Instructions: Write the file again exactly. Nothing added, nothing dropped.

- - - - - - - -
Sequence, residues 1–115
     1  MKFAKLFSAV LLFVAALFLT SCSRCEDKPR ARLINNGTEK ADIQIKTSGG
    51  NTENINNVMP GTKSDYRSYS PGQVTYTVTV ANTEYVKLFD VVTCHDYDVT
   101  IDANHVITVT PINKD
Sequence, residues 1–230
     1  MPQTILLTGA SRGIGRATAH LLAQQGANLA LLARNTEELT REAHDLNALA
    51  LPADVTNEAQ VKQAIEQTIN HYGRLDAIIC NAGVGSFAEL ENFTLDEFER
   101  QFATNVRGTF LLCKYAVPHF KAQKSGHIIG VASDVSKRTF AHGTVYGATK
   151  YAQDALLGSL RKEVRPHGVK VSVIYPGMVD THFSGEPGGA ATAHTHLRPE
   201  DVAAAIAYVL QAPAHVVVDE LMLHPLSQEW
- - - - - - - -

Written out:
Sequence, residues 1–115
     1  MKFAKLFSAV LLFVAALFLT SCSRCEDKPR ARLINNGTEK ADIQIKTSGG
    51  NTENINNVMP GTKSDYRSYS PGQVTYTVTV ANTEYVKLFD VVTCHDYDVT
   101  IDANHVITVT PINKD
Sequence, residues 1–230
     1  MPQTILLTGA SRGIGRATAH LLAQQGANLA LLARNTEELT REAHDLNALA
    51  LPADVTNEAQ VKQAIEQTIN HYGRLDAIIC NAGVGSFAEL ENFTLDEFER
   101  QFATNVRGTF LLCKYAVPHF KAQKSGHIIG VASDVSKRTF AHGTVYGATK
   151  YAQDALLGSL RKEVRPHGVK VSVIYPGMVD THFSGEPGGA ATAHTHLRPE
   201  DVAAAIAYVL QAPAHVVVDE LMLHPLSQEW